TThe gym in Wilkes-Barre (Pa.) was jammed on Tuesday by a large crowd of local supporters and friends when Joe Biden began his attack on the GOP. “Let me say this to my MAGA Republican friends in Congress: don’t tell me you support law enforcement if you won’t condemn what happened on the 6th,” Biden said, referring to the deadly attack on the U.S. Capitol on Jan. 6, 2021. “You can’t be pro-law enforcement and pro-insurrection.”
Then he took a swipe at senior Republican lawmakers who have warned that the Justice Department’s investigation into Donald Trump’s hoarding of government documents could trigger a violent reaction from Trump supporters. “No one expects politics to be paddycake— sometimes it’s mean as hell,” said Biden. “But the idea you turn on a television and see senior senators and congressmen saying, ‘If such and such happens there’ll be blood on the street’? Where the hell are we?”
The speech was emblematic of a new, sharper tone from Biden, who ran for President two years ago promising to unite the country, but has begun devoting more of his time to warning about the dangers of a Republican Party that remains largely under Trump’s spell.
On Thursday night, Biden will deliver a prime-time speech about the threat posed by “MAGA Republicans” and public officials denying the outcomes of elections. He’ll paint the mid-term elections as a broader contest over those who believe in the American democratic system, and those who want to tear it down in their own pursuit of power.
It’s a preview of a key message Democrats are expected to impress upon the public in the coming weeks, as campaigning gears up for races that could see Republicans winning back control of one or both chambers of Congress.
Biden’s senior advisors acknowledge that midterm elections, which millions of voters typically skip, are won with anger. Many Democrats felt angry this summer at Republican-led restrictions that restricted abortion access in some states. This was after Roe v. Wade was reaffirmed by the Supreme Court in June. A motivating factor is the resistance of GOP members to tighter gun control laws following school shootings.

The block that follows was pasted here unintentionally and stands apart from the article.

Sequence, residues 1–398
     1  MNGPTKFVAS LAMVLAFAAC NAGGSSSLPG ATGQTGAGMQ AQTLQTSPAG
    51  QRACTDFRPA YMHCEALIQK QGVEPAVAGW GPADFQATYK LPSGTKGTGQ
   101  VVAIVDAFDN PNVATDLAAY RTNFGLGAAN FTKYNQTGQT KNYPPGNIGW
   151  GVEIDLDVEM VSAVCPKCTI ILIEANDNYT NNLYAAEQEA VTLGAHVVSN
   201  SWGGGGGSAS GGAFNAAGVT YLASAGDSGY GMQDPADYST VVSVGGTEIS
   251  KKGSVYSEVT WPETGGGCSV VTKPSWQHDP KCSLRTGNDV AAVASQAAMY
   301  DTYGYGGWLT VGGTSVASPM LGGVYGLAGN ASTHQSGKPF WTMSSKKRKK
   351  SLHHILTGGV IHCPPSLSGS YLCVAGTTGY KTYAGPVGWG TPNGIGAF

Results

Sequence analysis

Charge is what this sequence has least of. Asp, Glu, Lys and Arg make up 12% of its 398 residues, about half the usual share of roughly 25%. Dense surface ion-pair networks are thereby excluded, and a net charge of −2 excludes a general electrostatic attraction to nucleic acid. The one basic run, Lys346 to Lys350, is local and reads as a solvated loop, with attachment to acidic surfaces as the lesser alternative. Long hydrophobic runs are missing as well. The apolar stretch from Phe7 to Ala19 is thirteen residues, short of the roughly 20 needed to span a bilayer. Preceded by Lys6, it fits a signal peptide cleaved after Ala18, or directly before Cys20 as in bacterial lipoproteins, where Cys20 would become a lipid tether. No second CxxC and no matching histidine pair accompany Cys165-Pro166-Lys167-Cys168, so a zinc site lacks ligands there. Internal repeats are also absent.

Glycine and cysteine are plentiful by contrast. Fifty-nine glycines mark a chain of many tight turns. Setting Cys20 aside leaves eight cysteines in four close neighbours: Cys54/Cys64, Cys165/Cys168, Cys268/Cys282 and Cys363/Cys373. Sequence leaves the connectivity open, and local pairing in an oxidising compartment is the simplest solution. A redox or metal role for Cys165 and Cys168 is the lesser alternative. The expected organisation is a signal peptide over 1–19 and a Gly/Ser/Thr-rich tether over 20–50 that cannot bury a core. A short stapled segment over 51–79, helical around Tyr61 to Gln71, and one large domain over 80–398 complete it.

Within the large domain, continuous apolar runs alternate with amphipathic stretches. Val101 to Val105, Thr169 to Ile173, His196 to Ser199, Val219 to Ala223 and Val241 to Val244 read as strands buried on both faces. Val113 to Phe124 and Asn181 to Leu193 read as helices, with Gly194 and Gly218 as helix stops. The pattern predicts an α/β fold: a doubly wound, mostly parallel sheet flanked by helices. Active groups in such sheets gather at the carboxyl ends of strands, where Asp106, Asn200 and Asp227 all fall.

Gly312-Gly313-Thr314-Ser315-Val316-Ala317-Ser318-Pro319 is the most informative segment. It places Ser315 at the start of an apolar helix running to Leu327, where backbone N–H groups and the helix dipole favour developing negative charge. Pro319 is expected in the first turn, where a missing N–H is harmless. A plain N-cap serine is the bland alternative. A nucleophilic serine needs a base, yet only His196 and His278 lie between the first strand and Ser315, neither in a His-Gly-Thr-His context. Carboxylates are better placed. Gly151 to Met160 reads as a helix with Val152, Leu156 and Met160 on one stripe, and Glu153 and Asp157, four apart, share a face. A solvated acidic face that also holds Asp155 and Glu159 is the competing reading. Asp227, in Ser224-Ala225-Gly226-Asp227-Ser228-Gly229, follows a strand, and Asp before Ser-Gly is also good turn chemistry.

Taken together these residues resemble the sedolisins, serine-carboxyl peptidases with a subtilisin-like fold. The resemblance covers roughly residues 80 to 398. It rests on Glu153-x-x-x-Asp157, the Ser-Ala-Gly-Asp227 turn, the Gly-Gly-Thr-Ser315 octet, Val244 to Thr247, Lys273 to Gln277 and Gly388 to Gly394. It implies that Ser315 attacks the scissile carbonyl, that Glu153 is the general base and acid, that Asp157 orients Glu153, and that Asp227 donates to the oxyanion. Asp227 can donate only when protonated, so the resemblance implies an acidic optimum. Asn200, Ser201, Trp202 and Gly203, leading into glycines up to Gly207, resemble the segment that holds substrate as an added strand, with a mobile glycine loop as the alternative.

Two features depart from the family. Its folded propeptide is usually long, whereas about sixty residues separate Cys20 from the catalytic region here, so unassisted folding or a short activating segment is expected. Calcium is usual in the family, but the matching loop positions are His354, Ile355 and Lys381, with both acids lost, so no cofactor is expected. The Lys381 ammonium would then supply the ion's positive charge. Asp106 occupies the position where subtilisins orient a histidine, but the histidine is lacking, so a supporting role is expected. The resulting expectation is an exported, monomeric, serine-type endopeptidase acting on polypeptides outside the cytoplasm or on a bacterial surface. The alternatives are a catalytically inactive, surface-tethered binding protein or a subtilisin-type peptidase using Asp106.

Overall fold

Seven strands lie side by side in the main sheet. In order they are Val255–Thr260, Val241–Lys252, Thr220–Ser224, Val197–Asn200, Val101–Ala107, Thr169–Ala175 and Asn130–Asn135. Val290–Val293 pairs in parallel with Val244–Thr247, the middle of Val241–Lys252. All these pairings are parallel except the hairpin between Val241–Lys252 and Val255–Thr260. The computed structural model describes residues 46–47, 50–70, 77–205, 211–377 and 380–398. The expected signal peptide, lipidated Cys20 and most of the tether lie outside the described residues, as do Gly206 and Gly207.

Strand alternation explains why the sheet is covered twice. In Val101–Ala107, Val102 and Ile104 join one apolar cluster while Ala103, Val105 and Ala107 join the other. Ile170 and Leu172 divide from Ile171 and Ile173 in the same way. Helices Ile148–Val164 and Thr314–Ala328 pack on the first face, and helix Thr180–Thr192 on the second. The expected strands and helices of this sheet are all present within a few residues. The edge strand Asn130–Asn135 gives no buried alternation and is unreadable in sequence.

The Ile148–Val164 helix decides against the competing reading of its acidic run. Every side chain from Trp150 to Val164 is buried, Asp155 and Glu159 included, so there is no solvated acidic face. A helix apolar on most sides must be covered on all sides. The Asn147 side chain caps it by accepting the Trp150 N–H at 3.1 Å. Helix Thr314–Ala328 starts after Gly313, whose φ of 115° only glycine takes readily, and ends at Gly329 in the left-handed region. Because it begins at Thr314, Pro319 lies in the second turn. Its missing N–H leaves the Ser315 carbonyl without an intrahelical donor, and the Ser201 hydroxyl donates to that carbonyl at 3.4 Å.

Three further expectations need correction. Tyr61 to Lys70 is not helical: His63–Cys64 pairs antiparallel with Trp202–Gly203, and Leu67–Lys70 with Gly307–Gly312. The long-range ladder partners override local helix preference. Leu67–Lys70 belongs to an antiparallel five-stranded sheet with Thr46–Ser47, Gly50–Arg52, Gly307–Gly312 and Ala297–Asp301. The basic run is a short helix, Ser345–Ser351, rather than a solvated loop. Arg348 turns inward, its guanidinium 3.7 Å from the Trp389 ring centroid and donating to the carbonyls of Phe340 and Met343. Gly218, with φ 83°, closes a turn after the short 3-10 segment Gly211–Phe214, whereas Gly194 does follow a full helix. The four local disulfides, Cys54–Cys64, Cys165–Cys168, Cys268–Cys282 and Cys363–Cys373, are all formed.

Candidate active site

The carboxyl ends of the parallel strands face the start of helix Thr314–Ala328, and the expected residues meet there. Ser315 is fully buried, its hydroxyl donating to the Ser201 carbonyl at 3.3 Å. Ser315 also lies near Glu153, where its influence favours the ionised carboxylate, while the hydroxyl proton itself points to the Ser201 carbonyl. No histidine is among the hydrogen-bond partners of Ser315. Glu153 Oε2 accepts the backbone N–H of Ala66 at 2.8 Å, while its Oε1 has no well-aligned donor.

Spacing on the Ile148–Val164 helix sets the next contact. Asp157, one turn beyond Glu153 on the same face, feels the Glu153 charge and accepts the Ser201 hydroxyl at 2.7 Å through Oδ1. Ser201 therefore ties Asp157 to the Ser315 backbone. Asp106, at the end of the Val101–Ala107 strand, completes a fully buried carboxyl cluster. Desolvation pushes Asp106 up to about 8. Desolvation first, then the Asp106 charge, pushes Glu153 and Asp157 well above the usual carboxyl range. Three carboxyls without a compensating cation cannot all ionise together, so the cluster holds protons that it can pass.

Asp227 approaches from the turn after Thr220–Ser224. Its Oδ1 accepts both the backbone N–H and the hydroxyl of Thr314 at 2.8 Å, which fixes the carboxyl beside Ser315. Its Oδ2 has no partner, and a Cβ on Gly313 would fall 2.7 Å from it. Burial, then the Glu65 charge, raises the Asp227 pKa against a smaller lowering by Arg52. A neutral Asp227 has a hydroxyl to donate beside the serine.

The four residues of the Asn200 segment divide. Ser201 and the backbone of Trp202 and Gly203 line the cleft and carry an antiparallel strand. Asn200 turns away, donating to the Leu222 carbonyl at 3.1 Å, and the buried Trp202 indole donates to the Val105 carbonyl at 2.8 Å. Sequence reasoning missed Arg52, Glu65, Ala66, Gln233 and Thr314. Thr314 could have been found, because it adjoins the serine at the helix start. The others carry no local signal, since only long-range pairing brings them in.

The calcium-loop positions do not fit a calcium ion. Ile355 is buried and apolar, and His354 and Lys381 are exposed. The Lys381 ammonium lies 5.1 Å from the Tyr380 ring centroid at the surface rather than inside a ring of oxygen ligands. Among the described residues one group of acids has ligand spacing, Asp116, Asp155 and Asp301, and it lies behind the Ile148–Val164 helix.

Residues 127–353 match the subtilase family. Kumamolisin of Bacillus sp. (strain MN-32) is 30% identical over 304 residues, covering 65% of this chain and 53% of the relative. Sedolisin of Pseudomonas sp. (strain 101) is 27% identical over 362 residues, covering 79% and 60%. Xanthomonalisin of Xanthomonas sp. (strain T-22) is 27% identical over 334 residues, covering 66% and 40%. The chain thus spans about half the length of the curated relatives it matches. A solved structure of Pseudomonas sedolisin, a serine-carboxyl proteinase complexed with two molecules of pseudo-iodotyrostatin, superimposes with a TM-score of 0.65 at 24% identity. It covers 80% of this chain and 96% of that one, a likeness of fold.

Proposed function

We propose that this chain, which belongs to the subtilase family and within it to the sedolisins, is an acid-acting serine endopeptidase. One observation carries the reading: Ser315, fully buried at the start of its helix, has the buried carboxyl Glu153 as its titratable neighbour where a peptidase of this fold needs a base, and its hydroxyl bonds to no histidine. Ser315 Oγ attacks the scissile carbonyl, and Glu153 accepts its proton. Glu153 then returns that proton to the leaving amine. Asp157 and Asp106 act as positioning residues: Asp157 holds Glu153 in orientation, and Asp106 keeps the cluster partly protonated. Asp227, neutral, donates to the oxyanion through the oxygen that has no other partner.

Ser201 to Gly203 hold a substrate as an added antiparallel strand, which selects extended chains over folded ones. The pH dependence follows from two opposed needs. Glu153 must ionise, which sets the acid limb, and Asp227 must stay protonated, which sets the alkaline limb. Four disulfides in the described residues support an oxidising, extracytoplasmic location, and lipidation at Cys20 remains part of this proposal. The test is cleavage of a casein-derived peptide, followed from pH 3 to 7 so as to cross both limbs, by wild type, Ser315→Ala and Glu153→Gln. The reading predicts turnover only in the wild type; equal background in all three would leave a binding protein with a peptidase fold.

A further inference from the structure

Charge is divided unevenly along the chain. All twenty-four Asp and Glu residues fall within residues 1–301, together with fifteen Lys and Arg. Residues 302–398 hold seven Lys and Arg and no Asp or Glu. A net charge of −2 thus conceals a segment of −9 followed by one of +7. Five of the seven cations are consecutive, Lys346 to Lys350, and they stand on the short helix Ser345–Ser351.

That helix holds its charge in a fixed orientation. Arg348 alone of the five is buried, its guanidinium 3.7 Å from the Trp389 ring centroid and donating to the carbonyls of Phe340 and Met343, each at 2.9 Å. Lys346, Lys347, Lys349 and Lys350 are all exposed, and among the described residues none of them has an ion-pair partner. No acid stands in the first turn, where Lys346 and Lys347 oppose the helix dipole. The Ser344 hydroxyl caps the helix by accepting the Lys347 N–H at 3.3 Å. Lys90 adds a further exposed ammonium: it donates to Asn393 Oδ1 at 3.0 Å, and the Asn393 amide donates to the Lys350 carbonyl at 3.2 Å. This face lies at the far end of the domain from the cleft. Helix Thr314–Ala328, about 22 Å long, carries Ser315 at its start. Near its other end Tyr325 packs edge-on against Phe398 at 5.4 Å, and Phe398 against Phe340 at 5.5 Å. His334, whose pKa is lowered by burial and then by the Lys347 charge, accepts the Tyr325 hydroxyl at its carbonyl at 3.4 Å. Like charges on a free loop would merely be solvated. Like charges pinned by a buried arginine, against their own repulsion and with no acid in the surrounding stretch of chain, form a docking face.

But the state of the country’s democracy is also drawing more voter interest, recent polls suggest. Speaking last week at a Democratic National Committee event hosted at the home of a wealthy supporter in Bethesda, Md., Biden said he chose to run for President in part because of the divisiveness he saw Donald Trump stoking in the public arena and wanted to help “restore the soul of this country” by promoting “dignity,” “honor, making sure we — you mean what you say,” and “treating people with respect.” But those strains of Trumpism, amplified by hatred and misinformation, have not gone away. “What we’re seeing now is either the beginning or the death knell of an extreme MAGA philosophy,” Biden said. “It’s not just Trump,” he went on, “it’s the entire philosophy that underpins the—I’m going to say something: It’s like semi-fascism.”
Republicans quickly rejected this label. Speaking on CNN’s State of the Union on Sunday, New Hampshire Governor Chris Sununu said Biden was “trying to stir up this anti-Republican sentiment right before the election.” He called on the President to apologize. “It’s horribly inappropriate, it’s insulting, and people should be insulted by it,” Sununu said.
Biden’s closest aides acknowledge there’s a balance to strike. The President shouldn’t sound sharp and angry all the time. He has scheduled several weeks of travel across the country to tout his administration’s investments in improving infrastructure, improving clean energy technologies, and lowering prescription medicines for seniors.
Biden’s approval ratings among Americans, while still low, have ticked up slightly to the low 40s from the high 30s in July. His party’s prospects of holding on to control of the Senate and stemming their anticipated losses in the House have improved as well. The Democrats have been trailing Republicans in the polls since January on a generic ballot for Congress. However, they have now matched up with the GOP in almost all polls.
Biden hopes to draw a contrast between his administration’s approach to governing—passing major bills on climate change, health care, and infrastructure investment—to the Republican push back.
It’s a strategy the administration does not intend to limit to Biden’s words. In social media posts, the White House press office took a more aggressive tone. Last week, when Republican politicians criticized Biden’s student loan forgiveness actions as unfair, the White House Twitter account fired back at several of them directly by highlighting the size of the loan their own businesses had forgiven under the Small Business Administration’s Paycheck Protection Program during the COVID-19 pandemic’s economic slowdown. The online taunts were a departure for the otherwise staid official account and coincided with the White House hiring Megan Coyne from New Jersey Governor Phil Murphy’s office, where she gained attention for using quick responses and wit to build a massive audience for the governor’s Twitter account.
“We’ve never hesitated to call out hypocrisy, and we’re not going to stop now,” Alexandra LaManna, a White House assistant press secretary, said in a statement.
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